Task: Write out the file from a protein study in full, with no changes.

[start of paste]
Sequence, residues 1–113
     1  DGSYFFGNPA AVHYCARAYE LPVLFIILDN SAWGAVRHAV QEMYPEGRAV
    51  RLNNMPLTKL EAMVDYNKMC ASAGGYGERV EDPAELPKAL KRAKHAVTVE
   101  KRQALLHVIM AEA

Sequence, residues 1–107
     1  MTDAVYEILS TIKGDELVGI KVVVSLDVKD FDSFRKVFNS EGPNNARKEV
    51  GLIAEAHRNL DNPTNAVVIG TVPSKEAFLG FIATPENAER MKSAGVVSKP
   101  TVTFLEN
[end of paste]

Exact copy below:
Sequence, residues 1–113
     1  DGSYFFGNPA AVHYCARAYE LPVLFIILDN SAWGAVRHAV QEMYPEGRAV
    51  RLNNMPLTKL EAMVDYNKMC ASAGGYGERV EDPAELPKAL KRAKHAVTVE
   101  KRQALLHVIM AEA

Sequence, residues 1–107
     1  MTDAVYEILS TIKGDELVGI KVVVSLDVKD FDSFRKVFNS EGPNNARKEV
    51  GLIAEAHRNL DNPTNAVVIG TVPSKEAFLG FIATPENAER MKSAGVVSKP
   101  TVTFLEN